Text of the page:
This Is What It Looks Like When Your Kid Has A Nut Allergy

So last week my friend Karen wrote a blog about the controversy surrounding schools banning nuts in order to protect kids who have severe nut allergies.  Karen’s posts are always guaranteed to spring lively commentary, and this was no different.  The topic caught my attention, since I am the parent of a child with life threatening allergies to nuts and sesame.

Curiously, I scrolled through the comments.  Several major themes emerged, and I want to address them, as a parent who can empathize with both sides but who ultimately supports removing nuts when necessary.

Theme #1: Why can’t parents of nut allergy kids just teach those kids to avoid eating nuts and to never taste foods that others bring to school?  Kids need to advocate for themselves, and they can’t expect the rest of the world to cater to them.

My thoughts:

My six-year-old daughter is allergic to nuts and sesame.  Severe enough that the doctor insisted she needs to keep two Epi-Pens at school, because if she accidentally ate nuts or sesame, one Epi-Pen might not be enough to keep her alive until an ambulance could get to her.  My daughter won’t go near nuts or hummus.  She doesn’t taste food that others bring.  She knows the signs of anaphylaxis.  She had her first anaphylactic reaction in a doctor’s office.

Last year, there was a day when she came home sobbing because the mother of a little boy brought a cake in for his birthday, but the cake had nuts and she couldn’t eat it.  (The mother doesn’t speak English and hadn’t realized that there was a nut allergy in the class).  My little one really really wanted just to take a lick of the chocolate frosting, but she knew not to.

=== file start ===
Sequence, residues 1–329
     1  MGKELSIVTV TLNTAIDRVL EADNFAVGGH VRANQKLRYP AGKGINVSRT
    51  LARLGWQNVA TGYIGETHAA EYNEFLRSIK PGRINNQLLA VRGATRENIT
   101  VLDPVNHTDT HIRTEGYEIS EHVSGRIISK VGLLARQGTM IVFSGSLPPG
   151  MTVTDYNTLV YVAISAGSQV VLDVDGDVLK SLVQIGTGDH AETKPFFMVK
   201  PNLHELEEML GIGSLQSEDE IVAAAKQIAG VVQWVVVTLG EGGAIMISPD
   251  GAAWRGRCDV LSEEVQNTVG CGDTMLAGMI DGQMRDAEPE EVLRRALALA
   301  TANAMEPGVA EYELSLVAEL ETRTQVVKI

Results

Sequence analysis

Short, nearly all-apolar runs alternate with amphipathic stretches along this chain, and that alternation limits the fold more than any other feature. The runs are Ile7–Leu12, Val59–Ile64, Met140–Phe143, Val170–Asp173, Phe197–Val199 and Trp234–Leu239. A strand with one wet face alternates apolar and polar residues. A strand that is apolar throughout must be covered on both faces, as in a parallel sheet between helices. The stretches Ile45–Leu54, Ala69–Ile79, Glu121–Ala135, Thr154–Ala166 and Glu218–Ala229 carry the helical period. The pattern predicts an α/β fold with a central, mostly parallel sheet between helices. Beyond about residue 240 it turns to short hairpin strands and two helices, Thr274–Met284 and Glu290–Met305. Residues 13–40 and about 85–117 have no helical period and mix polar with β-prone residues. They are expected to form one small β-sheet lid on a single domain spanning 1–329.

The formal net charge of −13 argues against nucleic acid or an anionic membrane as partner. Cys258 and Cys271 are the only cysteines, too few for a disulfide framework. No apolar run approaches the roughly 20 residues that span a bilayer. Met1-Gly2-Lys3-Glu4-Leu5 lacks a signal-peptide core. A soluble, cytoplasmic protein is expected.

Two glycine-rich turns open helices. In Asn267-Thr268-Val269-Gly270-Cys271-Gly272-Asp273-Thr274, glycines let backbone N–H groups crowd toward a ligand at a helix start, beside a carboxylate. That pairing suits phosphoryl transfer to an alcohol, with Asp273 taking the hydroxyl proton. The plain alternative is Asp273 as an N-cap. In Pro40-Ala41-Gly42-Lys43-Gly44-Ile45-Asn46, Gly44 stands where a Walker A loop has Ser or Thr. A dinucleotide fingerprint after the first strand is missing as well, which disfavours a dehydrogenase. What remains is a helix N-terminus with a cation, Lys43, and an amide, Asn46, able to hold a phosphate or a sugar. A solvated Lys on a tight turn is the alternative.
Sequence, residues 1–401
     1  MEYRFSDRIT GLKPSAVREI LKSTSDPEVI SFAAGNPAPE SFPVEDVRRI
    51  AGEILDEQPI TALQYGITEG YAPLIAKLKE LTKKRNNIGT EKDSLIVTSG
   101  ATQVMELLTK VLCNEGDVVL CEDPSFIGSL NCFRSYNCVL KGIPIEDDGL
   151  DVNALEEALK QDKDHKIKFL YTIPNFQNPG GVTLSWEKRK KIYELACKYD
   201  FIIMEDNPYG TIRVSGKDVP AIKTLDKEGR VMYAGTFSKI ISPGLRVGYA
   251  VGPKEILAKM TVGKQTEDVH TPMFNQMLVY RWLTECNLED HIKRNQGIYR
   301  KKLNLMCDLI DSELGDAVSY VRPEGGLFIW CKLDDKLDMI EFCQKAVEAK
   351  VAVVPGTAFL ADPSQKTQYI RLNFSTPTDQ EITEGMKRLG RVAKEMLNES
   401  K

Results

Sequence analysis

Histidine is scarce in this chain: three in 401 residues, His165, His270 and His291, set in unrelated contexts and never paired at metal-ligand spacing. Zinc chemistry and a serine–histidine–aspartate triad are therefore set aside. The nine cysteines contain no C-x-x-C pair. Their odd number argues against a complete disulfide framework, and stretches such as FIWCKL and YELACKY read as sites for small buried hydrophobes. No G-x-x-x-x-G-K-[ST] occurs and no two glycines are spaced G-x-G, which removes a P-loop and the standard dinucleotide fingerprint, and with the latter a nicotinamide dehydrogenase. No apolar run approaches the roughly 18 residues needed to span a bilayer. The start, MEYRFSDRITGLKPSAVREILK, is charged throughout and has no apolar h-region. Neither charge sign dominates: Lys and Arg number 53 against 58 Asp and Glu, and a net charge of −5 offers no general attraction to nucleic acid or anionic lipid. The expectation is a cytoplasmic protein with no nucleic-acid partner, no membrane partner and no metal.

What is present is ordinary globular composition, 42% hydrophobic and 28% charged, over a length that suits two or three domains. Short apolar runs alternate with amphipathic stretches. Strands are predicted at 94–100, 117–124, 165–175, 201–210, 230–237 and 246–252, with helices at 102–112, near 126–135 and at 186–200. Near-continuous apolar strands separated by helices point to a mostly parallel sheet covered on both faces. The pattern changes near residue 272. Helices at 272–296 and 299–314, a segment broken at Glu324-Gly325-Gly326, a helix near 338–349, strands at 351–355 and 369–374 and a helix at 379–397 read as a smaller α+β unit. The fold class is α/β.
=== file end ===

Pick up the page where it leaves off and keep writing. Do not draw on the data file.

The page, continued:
Despite her care and caution, she finds herself in dangerous situations.  Most recently, just a few weeks ago, my cousin was visiting and picked my daughter up for a cuddle.  Within minutes, she was covered with hives.  She touched her eye, and her eye started swelling. Why?  My cousin had eaten walnut pancakes for breakfast, and the teensy bit of residual walnut oil on his hands was enough to start a reaction when he touched her skin.

Last year, there was a day when the nurse called me from her school.  My then-kindergartener had apparently sat on a seat, and there was a tiny smudge of peanut butter on it that she hadn’t seen.  Her reaction was instant; it started with a rash and kept getting worse.  It took over three weeks of steroids before the bleeding welts on her legs healed.  This year, her entire classroom remains nut-free at all times.

So, if you think that these kids should simply learn to advocate for themselves, you may not realize how  nut allergies involve more than just ingesting nuts.  Although my daughter’s nut allergy is bad enough to cause skin problems when she touches nut oils, it is fortunately not so severe as to cause  anaphylaxis unless she ingests nuts.  If simply touching nuts made her stop breathing, we would face difficult decisions about homeschooling (both my husband and I work, so this would be very tough).

Theme #2: Why do the needs of allergy kids trump the needs of kids with other feeding issues?  What if a kid has severe sensory processing issues and refuses to eat anything but peanut butter and will need a feeding tube otherwise?  Why is your kid’s allergy more important than my kid’s issue?